We live in an era where we see the fast-changing trends of new technical terms. The rise and fall of those terms and trends continues even before we actually learn what they are. The value of cryptocurrency abruptly goes up and down repeatedly, and sometimes watching those changing numbers seems unreal as if we are living in virtual reality. Furthermore, the pandemic and climate crisis have shaken the very foundations of existence.
The change might seem dazzling and sometimes confusing, but we can see that digitalization is in progress in all sectors. Films, which have built a vivid image-based storytelling world by chemically stuffing lights and making them into motion pictures, have now entered the stage where light-speed duplication and transmission are possible through a complete digitization process. Even ultra-high-resolution images can be transmitted in less than a minute. We can enjoy them wherever and whenever with an internet connection, even if we don't download them. The excitement of waiting in line at the theater to get movie tickets has gone to the other side of the memory lane. In the era where we exchange data in real-time, stuffed stories seem even more frustrating.
But has the nature of storytelling changed? Are those assets of stories that humankind has accumulated over the years still valid today? Beyond Reality, the XR section of BIFAN, celebrates its seventh anniversary this year and pays special attention to changes in storytelling that constantly adopt new technologies. In the process of transforming into a digital world, we will focus on how the world of stories alters its shape, which we can witness through real-time interactions and exchanges, as well as how the changes in technology and medium lead to changes in identity and the way of communication.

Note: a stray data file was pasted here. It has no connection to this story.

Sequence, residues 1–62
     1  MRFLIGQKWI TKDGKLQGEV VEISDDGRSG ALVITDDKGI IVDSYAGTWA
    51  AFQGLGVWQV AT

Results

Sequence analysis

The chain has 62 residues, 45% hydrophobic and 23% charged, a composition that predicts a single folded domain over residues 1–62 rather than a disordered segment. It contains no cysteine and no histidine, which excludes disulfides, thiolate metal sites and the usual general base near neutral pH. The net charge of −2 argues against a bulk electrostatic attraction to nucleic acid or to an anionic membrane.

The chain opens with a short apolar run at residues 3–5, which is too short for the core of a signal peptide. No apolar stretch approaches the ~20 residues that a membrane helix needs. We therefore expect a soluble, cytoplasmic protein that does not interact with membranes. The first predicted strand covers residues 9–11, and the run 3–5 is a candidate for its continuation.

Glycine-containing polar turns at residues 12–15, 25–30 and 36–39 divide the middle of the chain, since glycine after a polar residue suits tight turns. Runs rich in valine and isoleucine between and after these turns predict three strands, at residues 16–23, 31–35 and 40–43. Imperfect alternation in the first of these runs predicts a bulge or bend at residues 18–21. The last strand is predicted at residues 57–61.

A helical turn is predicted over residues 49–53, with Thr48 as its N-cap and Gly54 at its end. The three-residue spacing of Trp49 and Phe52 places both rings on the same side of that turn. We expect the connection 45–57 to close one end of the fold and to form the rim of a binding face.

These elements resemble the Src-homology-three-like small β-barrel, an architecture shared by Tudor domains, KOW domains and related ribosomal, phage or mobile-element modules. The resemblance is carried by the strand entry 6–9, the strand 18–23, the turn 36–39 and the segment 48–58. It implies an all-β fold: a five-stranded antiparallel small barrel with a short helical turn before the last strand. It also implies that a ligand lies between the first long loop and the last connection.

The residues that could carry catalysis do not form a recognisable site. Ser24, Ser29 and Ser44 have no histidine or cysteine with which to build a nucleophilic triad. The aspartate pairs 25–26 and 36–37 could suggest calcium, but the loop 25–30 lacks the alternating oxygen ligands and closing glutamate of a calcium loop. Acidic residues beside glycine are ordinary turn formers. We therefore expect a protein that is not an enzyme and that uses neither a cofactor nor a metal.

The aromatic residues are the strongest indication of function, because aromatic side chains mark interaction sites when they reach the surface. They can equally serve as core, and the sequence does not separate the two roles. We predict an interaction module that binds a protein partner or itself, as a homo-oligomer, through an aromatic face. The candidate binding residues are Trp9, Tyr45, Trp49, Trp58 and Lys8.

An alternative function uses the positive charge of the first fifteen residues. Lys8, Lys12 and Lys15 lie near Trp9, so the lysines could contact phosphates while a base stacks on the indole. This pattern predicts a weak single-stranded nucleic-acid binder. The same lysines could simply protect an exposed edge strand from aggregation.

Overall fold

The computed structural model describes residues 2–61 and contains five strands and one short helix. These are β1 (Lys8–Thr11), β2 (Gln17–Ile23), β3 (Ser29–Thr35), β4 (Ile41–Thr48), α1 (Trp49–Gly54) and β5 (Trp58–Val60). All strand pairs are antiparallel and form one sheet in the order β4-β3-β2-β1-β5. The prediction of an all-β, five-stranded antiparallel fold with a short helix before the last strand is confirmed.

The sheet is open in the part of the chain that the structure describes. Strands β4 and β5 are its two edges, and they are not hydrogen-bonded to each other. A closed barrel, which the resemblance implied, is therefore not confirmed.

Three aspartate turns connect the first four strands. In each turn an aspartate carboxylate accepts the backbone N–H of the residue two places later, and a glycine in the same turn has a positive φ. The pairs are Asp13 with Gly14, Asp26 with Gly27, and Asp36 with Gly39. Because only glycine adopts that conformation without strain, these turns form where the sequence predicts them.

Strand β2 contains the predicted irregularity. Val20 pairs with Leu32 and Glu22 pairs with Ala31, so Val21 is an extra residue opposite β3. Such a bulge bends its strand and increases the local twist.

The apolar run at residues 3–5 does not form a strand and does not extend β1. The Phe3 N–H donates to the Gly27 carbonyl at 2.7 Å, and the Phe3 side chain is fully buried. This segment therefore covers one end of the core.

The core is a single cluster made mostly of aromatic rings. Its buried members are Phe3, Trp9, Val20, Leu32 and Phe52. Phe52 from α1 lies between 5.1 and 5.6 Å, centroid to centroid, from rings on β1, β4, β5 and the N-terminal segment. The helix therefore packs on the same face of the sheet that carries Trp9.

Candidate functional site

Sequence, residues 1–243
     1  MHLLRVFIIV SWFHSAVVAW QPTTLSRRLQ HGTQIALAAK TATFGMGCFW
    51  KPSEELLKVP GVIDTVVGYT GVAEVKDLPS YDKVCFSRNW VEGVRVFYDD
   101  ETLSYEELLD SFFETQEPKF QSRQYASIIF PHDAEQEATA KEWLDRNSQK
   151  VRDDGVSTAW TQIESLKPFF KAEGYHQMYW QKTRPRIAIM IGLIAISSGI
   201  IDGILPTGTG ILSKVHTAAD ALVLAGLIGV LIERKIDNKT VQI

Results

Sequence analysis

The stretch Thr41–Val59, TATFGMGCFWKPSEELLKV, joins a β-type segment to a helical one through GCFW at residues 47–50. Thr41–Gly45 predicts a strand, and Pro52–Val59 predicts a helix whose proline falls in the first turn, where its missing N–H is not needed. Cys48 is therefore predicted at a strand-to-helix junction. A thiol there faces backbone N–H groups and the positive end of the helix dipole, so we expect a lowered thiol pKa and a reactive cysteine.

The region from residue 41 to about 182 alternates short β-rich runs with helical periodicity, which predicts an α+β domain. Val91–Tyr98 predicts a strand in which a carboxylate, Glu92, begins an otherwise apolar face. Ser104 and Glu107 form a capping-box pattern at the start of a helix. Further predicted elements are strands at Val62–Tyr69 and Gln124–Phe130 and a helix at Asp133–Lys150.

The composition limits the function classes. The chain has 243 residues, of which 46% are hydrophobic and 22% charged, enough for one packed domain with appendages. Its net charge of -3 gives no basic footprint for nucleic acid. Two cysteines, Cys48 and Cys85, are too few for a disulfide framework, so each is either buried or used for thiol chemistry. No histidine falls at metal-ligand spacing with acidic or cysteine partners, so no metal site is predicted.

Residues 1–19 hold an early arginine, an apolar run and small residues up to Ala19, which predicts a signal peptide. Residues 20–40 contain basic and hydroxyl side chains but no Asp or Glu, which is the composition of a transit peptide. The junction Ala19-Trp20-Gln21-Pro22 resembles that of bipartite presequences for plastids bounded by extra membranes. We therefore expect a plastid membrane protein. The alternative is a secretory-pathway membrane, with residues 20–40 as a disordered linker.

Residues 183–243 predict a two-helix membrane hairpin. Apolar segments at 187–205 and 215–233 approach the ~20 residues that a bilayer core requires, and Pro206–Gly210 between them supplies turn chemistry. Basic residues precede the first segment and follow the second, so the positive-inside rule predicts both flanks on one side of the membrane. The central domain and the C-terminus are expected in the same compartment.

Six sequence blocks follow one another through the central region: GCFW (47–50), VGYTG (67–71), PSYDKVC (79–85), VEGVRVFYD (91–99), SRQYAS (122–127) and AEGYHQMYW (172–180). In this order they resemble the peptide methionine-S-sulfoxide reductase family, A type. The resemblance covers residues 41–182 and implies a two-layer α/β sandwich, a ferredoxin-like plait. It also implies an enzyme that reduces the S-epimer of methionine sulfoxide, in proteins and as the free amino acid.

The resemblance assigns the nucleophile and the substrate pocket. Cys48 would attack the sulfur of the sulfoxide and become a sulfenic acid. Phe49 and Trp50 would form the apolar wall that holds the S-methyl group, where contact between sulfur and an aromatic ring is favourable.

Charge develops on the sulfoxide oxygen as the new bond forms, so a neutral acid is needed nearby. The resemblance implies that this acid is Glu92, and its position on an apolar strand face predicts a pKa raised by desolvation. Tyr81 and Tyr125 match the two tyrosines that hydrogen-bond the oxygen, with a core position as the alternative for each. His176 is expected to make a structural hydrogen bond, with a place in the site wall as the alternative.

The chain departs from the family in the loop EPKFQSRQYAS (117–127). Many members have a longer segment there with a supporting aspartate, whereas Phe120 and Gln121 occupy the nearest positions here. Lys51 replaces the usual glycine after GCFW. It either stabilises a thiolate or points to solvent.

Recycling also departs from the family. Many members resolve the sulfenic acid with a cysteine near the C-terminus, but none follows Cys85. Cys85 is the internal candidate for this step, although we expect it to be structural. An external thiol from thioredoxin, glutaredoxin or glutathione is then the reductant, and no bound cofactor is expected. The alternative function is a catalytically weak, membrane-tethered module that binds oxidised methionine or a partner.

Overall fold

An experience of communication approaching a physically distant being, it could be someone else, or it could be another ‘me’. The target of communication could be a person, or it could be a mass of information that behaves like a human. On the other hand, we would like you to imagine and experience what it's like to be defined as a mass of information. The way of storytelling in the real-time based digital world is certainly different from that of the past. It will be awkward if we adopt the old storytelling techniques as they have been. In the hope that many creators and audiences will discover that point, Beyond Reality presents works seeking to identify boundaries in various formats.
Various XR contents which might be considered as performances, as projection mapping content, or as VR projects that experiments the possibility of various interactive storytelling are ready to meet the audience. We hope this could be the moment to experience how filmmakers expand their dreams rather than feeling devastated how remote these works are from the status quo.
Jay KIM XR Curator, Beyond Reality Bucheon International Fantastic Film Festival (BIFAN)